Subtantially exact racial balance of faculties stands in our order as a requirement by February 1, 1970. Many districts were embarked on compliance when the interim edict went forth to prepare for student merger simultaneously. This brought everything then in progress to a halt. Until students were reassigned and the numbers involved and the children were actually identified as to curriculum needs in each particular school, how could teachers be assigned? Now each district is faced with the probability that teachers will have to be reassigned, not once, but several times. With contracts expiring in early June there's no way to send the children home 'til all settles down. Perhaps a few teams of qualified computer technicians with enough equipment could work it out, but we leave no time for even that exotic remedy. If this school year can be salvaged, it will be nothing short of a miracle and not in the least attributable to our actions. How this can qualify as any form of protection is indeed an enigma wrapped in a mystery.
Singleton v. Jackson, supra, N. 3.
I am not the first judge to observe that courts have perpetuated errors by repeating them without pause for examination. One such fable is the argument that any school districts which don't now comply with this court's new guidelines have been in violation of court orders for 16 years and are therefore not deserving of additional consideration. The error of this is in two parts:
First, as to the existence of any past violation; second, as to the appropriate remedy if the first had been so.
Courts of the United States are given jurisdiction by the Constitution to determine cases and controversies; they are not possessed of any power to enact legislation; their decisions are binding upon the parties before them — not upon the nation at large. In a number of fields — such as those involving commercial transactions or real estate, where consistency of the law is vital, the principle of binding precedent or stare decisis is applied. By this principle, those who find themselves similarly situated to litigants in a prior case may expect the same principle to be applied to decide their actions. Such principles are but rarely modified. However, stare decisis has never been strictly applicable in the field of constitutional law. Only a moment's reflection shows the necessity for such a rule. If it were otherwise, the prejudices of individuals who occupy judicial office could be erected into constitutional principles and the court, not the document upon which our republic is based, would be in control of our destiny. Indeed, if stare decisis were strictly applicable in constitutional law the doctrine of separate but equal public facilities for racial groups which was the court declared guideline for over 75 years, would still be in force.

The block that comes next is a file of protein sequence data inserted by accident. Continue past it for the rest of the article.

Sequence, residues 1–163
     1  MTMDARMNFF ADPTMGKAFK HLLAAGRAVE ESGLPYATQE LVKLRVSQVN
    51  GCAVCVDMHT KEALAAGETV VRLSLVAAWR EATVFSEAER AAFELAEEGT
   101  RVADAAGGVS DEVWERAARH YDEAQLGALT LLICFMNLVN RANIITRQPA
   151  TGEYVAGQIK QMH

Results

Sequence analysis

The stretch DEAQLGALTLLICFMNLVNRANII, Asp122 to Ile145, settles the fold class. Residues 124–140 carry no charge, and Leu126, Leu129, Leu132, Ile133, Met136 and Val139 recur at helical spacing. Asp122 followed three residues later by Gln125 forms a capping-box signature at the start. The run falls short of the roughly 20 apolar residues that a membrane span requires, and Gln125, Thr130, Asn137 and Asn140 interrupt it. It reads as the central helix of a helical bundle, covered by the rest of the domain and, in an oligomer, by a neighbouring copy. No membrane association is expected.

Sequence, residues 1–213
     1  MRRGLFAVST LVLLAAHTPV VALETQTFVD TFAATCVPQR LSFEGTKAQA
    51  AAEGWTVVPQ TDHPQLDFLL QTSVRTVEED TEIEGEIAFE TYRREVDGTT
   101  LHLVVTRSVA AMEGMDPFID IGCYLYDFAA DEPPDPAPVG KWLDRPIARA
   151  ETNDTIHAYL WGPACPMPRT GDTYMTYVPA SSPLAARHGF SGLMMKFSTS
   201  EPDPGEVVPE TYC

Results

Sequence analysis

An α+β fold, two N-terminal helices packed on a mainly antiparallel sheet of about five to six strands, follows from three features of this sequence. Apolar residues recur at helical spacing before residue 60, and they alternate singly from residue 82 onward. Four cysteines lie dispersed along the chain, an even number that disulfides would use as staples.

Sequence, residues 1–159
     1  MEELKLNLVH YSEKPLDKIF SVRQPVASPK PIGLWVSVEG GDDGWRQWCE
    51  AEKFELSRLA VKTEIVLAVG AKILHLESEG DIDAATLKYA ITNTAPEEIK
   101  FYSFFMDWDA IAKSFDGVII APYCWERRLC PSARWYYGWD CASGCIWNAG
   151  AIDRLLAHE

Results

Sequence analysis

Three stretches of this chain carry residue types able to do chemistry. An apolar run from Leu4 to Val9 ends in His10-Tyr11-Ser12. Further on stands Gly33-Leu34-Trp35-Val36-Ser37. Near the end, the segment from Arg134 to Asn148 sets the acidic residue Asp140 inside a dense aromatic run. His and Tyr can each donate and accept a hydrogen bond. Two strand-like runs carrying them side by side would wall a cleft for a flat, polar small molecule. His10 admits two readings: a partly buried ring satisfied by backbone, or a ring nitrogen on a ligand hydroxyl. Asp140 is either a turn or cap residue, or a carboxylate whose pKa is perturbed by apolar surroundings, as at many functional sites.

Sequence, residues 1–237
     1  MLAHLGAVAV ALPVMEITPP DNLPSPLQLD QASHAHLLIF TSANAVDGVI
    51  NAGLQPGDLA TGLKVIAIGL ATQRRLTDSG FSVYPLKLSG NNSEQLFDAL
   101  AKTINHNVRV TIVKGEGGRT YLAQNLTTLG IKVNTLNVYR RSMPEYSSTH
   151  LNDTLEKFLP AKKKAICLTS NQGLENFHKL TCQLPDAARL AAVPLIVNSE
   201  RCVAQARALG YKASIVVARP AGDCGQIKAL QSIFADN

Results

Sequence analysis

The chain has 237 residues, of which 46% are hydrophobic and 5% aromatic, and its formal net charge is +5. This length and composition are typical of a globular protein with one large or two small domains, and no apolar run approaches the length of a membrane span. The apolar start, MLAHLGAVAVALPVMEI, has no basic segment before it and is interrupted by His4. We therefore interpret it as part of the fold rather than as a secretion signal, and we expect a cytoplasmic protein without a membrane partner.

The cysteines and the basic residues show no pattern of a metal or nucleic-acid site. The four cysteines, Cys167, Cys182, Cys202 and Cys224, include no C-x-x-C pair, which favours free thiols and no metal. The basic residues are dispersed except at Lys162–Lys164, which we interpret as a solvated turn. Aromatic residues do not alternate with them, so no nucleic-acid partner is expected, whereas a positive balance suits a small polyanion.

In fact in McCabe v. Atchison, T. S.F. Railway Co., 235 U.S. 151, 35 S.Ct. 69, 59 L.Ed. 169 (1914), the Supreme Court expressly ruled that the meaning of the Fourteenth Amendment was no longer open to question in affirming the dismissal of an injunction suit seeking to strike down an Oklahoma statute proving for separation of the races on railroad cars.
Since stare decisis is not strictly applied, litigants cannot be nearly so sure as to what precedent might govern their case. Correspondingly, they have a wider latitude within which to justify the relitigation of constitutional principles established in prior cases. This is necessary to assure them that their basic rights and privileges are not wrongfully forfeited on the mere assumption that the court's decision as to their case will not change.